Brain fingerprinting

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Brain fingerprinting is a lie detection technique which uses electroencephalography (EEG) to determine whether specific information is stored in a subject's brain. The technique consists of measuring and recording a person's electrical brainwaves and brain response when asked questions about a crime, attempting to elicit a "P300 response" that indicates familiarity with the details of the crime.[1] The technique is controversial, unproven[1] and of questionable accuracy.[2] Comparison of brain fingerprinting with polygraphy showed mixed results consistent with "a mix of proven techniques and dangerously exaggerated benefits".[1]

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References[edit]

  1. ^ a b c Brandom, Russell (2015-02-02). "Is 'brain fingerprinting' a breakthrough or a sham?". The Verge.
  2. ^ Rosenfeld, J. P. (2005). "Brain fingerprinting: A critical analysis" (PDF). Scientific Review of Mental Health Practice. 4 (1): 20–37.


Farwell, L.A.., Richardson, D.C., & Richardson, G.M. (2013). Brain fingerprinting field studies comparing P300-MERMER and P300 brainwave responses in the detection of concealed information. DOI 10.1007/s11571-012-9230-0, Cognitive Neurodynamics 7(4): 263-299 (PDF); Cognitive Neurodynamics website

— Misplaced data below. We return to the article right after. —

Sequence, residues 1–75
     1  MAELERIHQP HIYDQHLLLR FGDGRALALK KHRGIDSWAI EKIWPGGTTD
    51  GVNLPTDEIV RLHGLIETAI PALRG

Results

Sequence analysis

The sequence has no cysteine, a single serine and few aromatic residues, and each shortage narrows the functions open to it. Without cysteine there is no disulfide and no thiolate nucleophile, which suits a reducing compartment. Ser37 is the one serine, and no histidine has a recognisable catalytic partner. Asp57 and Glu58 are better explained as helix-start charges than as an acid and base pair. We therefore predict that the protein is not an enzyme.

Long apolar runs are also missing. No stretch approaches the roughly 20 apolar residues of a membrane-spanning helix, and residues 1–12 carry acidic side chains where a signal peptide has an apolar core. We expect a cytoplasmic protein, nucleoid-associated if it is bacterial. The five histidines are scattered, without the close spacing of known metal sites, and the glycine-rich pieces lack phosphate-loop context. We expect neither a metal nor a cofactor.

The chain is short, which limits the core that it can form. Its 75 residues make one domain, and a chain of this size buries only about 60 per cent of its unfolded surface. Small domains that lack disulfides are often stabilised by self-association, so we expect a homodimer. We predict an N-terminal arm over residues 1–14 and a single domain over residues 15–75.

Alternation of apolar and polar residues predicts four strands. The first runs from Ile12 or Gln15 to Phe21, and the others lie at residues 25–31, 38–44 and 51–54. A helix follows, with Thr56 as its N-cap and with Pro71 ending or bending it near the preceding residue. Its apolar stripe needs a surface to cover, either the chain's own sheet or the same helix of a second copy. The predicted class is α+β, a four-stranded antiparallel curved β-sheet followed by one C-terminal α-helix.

Farwell L.A., Richardson D.C., Richardson G.M .and Furedy J.J. (2014). Brain fingerprinting classification concealed information test detects US Navy military medical information with P300. Front. Neurosci. 8:410. doi: 10.3389/fnins.2014.00410

Farwell, L. (2014). Brain Fingerprinting: Detection of Concealed Information, in Wiley Encyclopedia of Forensic Science, A. Jamieson and A.A. Moenssens, eds. Chichester: John Wiley. DOI: 10.1002/9780470061589.fsa1013. Published 16th June 2014 (PDF). Wiley Online Library

   Farwell, L.A. (2012). Brain fingerprinting: a comprehensive tutorial review of detection of concealed information with event-related brain potentials, Cognitive Neurodynamics 6:115-154, DOI 10.1007/s11571-012-9192-2.
   Farwell, L. A. and Smith, S. S. (2001).  Using Brain MERMER Testing to Detect Concealed Knowledge Despite Efforts to Conceal.  Journal of Forensic Sciences 46,1: 135-143.
   Farwell, L.A. and Makeig, T.H. (2005), Farwell Brain Fingerprinting in the case of Harrington v. State.  Open Court, X [10]:3, 7-10. Indiana State Bar Association, September 2005.